“I remember that even back then, we knew we were facing a force. That was close to 30 years ago, and by then he was already well-known,” Smith said. “Since then, he has certainly added to that. But you can’t find a nicer guy. He would go and help anybody. He’s all about building the sport of football. It’s a shame that the school is closing with all that he’s done and built there.”

Some of the top coaches in the Catholic High School League also shared their sentiments.

“Coach Herrington is a very good man. His presence and leadership is unparalleled,” Birmingham Brother Rice coach Adam Korzeniewski said during the Catholic League media day July 31. “I know a lot of people that have played for him, and they absolutely love him. That’s all I need to know about him. I’m sorry the school is closing, but I wish him the best of luck. What he’s accomplished there is legendary.”

Warren De La Salle coach Mike Giannone shared a story off the gridiron that he believes showcases the greatness of Herrington.

“I was at a softball clinic at Wayne State that was put on by Alan Trammell and Lance Parrish. In walks Herrington and he asks for the ball,” Giannone said. “He just starts bringing it. We’re all amazed, but apparently he was a great fast-pitch guy back in the day. He had a rise, drop, change and curve, and nobody could hit him. He’s just a coach; he doesn’t care what the sport is. That’s what I love about him the most.”

Giannone also praised the way Herrington treats his staff.    

“The way he is with his assistants is unbelievable. They would do anything for him,” Giannone said. “At the same time, a lot of times when a coach sticks around that long, many will say he’s just a figurehead and the assistants are calling the plays. Absolutely not the case with him. He knows everything that’s going on. I’ve asked him about specific plays before. At practices he’s demonstrating what blocks to use and how to properly run something. What is he, 74? That’s incredible. He’s a legend who deserves the attention, but never demands it.”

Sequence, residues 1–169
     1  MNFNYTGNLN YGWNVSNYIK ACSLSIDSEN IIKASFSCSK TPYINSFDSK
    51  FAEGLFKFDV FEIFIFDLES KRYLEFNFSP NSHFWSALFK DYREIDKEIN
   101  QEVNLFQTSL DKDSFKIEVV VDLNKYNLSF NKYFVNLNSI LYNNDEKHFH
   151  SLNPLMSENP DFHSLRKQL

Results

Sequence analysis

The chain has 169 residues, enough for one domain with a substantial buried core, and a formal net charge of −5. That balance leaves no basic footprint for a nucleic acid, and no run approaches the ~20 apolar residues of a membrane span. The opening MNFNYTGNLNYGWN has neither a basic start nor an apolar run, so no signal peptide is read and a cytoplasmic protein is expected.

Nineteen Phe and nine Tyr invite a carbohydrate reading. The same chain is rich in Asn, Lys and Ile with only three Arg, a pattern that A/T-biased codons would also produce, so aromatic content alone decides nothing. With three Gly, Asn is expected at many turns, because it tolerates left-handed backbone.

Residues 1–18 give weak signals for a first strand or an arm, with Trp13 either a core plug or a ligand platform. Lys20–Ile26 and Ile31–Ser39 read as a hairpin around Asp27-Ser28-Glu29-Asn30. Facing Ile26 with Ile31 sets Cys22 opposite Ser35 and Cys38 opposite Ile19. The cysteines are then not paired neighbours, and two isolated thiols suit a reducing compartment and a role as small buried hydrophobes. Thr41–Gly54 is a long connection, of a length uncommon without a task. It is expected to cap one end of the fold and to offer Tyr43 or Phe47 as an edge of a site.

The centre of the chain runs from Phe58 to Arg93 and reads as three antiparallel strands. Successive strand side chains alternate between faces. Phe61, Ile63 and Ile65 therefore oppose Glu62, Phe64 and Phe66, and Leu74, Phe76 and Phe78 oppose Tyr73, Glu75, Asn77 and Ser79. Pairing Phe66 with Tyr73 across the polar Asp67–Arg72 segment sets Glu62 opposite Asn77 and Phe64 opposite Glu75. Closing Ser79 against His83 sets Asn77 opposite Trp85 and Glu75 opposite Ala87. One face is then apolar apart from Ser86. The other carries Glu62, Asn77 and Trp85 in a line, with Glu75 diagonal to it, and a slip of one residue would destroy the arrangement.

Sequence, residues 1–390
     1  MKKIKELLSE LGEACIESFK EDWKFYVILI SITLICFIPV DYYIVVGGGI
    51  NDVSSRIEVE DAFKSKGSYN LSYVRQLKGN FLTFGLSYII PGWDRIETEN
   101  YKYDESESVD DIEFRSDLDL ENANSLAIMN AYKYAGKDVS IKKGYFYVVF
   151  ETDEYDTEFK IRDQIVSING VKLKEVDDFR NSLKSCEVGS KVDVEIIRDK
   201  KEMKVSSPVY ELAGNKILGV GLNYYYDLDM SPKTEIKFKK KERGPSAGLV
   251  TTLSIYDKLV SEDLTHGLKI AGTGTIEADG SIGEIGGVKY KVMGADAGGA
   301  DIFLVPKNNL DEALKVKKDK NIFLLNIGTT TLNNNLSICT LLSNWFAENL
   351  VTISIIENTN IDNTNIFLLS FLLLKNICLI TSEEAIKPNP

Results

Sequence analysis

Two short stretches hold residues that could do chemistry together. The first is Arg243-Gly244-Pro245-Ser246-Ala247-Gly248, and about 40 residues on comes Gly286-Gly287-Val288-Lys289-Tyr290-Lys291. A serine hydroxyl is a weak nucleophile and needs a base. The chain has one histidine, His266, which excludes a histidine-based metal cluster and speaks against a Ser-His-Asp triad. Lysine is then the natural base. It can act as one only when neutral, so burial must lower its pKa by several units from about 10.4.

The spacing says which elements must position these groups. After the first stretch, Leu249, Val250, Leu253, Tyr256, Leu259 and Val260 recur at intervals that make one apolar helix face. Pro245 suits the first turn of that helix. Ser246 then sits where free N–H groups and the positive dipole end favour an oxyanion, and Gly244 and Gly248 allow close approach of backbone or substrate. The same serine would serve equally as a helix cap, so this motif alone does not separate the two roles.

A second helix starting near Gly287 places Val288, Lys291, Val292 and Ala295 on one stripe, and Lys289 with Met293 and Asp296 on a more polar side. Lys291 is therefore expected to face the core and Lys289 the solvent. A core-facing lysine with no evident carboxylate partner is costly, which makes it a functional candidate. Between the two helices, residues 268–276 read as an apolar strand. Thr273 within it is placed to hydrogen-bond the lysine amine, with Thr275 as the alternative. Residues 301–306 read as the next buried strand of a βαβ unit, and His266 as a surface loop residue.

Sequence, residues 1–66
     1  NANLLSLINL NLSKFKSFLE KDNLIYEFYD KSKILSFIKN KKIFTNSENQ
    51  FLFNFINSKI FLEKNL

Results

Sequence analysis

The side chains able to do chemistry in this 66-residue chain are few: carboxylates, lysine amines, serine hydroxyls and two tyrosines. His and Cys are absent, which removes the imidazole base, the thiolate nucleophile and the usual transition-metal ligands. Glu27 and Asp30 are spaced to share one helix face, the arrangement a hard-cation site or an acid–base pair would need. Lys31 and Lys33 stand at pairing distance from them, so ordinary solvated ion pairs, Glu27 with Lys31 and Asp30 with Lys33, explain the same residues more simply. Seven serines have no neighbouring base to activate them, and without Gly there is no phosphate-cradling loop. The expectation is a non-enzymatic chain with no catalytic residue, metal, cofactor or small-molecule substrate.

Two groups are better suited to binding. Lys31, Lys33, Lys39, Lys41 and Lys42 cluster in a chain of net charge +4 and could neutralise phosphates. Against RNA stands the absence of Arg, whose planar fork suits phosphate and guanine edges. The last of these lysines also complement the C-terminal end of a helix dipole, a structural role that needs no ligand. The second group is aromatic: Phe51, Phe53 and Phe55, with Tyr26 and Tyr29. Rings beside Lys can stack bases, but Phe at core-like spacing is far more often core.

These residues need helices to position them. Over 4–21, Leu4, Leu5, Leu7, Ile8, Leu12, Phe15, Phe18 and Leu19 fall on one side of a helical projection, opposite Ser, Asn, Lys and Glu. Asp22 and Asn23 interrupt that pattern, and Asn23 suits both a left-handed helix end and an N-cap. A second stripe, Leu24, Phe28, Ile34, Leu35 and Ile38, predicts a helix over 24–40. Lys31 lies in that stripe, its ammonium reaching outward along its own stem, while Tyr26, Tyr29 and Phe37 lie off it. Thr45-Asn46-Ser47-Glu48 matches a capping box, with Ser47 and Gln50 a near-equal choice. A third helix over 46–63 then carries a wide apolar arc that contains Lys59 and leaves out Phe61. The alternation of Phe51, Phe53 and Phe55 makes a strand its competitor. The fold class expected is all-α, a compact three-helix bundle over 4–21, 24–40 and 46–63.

Herrington is actually 77. He’s cognizant of this when he considers the age of some of his initial players.

“I started coaching over at North Farmington when I was 21. Some of the kids were 17 or 18, so now some of my players are running around at 75. That’s scary,” Herrington said with a laugh.

After leaving his JV post at North Farmington for the varsity gig at Harrison, Herrington’s 435 total victories rank first in the history of the state. His 18 state title game appearances also hold a record, with the 13 wins offering quite a collection of jewelry.

“You certainly can’t wear more than one at a time. I like to wear this one — it’s the most ostentatious and biggest one,” Herrington said while gesturing to a large ring earned after the 2010 Division 2 championship. “It’s perfect for when I play blackjack. People will ask if I won a Super Bowl and I’ll say yeah. Then I don’t have to tell them about all the other wins.”